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Barrels of pinot noir are stacked at Haygrove Evolution's Sixteen Ridges Winery in Ledbury, England, on Nov. 12, 2020.DANIEL LEAL-OLIVAS/AFP/Getty Images

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Modern winemaking styles have evolved to suit consumers’ tastes. In a world where a majority of wine bottles are opened within hours of purchase, winemakers have worked behind the scenes to produce wines that are enjoyable upon release. As a result, most wines are not only ready to drink when you buy them, they’re unlikely to improve significantly with age. But traditional styles of wines continue to be crafted to reach their peak after extended aging in bottle.

Writing tasting notes for either requires one to taste and draw conclusions based on the sum of their experience. If tasting a young wine out of barrel or bottle, you can consider the structure, acidity, balance, and intensity of aroma and flavours to gauge its quality and drinking window. Suggestions about when to drink for best enjoyment is an estimate based on how similar styles of wine have evolved.

Advances in grape-growing and fermentation have helped vintners produce red wines that don’t need time to mellow or soften, like the robust and tannic wine style that defines the classic age-worthy bottles from European and New World regions. Fine wines from regions such as Napa, Bordeaux or Brunello aren’t made with instant gratification in mind. They are blended from individual barrels of wines that are evaluated based on their quality and development. For rare and collectable wines, the ability to age helps to justify their price – along with cost of production, distribution retail mark-ups, rarity and demand.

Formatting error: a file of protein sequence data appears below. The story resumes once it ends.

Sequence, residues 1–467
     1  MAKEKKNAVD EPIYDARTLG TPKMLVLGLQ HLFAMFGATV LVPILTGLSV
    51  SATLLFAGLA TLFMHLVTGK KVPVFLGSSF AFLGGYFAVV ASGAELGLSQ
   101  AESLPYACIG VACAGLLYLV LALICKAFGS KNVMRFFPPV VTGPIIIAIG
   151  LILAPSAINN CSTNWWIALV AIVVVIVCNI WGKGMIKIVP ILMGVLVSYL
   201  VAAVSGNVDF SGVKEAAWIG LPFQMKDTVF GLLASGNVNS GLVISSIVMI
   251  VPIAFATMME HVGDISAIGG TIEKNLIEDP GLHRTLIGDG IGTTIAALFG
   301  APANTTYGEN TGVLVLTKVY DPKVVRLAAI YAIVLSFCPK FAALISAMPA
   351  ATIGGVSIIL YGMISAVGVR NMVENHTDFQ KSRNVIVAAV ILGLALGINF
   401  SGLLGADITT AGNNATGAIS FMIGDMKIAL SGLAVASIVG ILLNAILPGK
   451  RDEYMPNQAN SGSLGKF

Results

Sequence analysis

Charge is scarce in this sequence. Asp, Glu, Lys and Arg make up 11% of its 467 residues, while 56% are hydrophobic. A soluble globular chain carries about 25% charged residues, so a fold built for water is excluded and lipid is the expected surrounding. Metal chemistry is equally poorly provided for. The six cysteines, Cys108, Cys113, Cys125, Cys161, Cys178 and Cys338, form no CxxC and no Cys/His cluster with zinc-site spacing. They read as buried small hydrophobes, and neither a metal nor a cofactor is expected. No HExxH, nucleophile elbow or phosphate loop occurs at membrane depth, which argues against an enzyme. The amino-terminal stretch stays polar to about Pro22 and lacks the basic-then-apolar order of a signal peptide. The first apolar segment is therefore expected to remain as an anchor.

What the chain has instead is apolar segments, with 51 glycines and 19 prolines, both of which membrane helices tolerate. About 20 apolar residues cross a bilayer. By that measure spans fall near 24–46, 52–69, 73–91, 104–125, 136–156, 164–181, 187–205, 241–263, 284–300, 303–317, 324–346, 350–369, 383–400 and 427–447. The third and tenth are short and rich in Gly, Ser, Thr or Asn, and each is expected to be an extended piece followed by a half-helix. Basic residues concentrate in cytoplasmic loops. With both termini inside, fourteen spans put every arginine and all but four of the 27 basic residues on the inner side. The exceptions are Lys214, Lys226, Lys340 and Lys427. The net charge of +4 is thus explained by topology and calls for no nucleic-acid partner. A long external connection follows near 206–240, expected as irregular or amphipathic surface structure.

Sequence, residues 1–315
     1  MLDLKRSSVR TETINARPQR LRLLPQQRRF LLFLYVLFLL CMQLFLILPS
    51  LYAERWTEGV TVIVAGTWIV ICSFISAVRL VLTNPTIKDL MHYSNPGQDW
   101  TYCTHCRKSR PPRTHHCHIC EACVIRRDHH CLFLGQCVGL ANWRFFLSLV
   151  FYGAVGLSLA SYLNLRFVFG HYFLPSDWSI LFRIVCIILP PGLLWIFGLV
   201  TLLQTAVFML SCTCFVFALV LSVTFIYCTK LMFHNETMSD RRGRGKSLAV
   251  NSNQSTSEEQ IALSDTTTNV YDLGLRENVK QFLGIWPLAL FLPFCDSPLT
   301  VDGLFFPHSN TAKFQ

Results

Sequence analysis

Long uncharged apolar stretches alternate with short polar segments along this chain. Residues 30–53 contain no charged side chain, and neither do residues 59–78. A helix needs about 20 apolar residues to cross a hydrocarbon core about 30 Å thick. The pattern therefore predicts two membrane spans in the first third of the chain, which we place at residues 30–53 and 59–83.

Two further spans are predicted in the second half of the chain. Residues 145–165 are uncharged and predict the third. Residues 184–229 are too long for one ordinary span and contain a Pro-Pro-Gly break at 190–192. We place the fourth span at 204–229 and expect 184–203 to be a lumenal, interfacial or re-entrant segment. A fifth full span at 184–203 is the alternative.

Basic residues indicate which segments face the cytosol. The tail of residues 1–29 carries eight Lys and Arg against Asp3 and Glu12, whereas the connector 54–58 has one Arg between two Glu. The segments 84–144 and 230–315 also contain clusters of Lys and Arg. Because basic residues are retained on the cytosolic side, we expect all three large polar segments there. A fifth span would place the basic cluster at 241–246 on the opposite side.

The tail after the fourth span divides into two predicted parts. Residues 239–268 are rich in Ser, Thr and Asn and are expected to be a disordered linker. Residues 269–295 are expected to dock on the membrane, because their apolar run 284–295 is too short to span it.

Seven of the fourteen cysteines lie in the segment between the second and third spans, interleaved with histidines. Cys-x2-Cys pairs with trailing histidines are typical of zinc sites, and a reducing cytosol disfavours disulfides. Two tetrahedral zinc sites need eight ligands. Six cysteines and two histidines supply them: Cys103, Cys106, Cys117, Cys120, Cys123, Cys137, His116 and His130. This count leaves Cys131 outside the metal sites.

No components in a wine are static. Acids and alcohols in the solution form different compounds, and flavours develop from primarily fruity notes, like strawberry in sangiovese or cassis in cabernet, to ones suggesting leather, mushroom or earth. Winemakers constantly taste through the various barrels of wine available to them, looking to access how they taste and where they can be used for best effect. Wine from a barrel that is showing nice juicy fruit character might be earmarked as something for earlier release, while a more brooding and firmly structured sample is more likely to be left to develop more richness and character and end up in a more expensive, reserve bottling.

In instances when a bottle of wine comes to market that are sure to offer more enjoyment after some time in the cellar – say, the recent released Brunellos from 2015 or the highly sought-after single-vineyard wines from Burgundy’s Domaine de la Romanée-Conti – professional tasters offer their considered opinion about when it will start to reveal its true character. These estimates are typically conservative appraisals. Depending on the styles of wine you enjoy, your tastes might be different.

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